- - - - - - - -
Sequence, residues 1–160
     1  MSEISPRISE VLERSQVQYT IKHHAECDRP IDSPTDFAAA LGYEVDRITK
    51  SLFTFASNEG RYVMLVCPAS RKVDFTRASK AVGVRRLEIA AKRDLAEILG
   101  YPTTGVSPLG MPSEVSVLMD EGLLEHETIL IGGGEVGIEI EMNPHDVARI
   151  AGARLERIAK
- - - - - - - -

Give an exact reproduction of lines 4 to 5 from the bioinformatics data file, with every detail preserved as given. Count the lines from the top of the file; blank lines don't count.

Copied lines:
   101  YPTTGVSPLG MPSEVSVLMD EGLLEHETIL IGGGEVGIEI EMNPHDVARI
   151  AGARLERIAK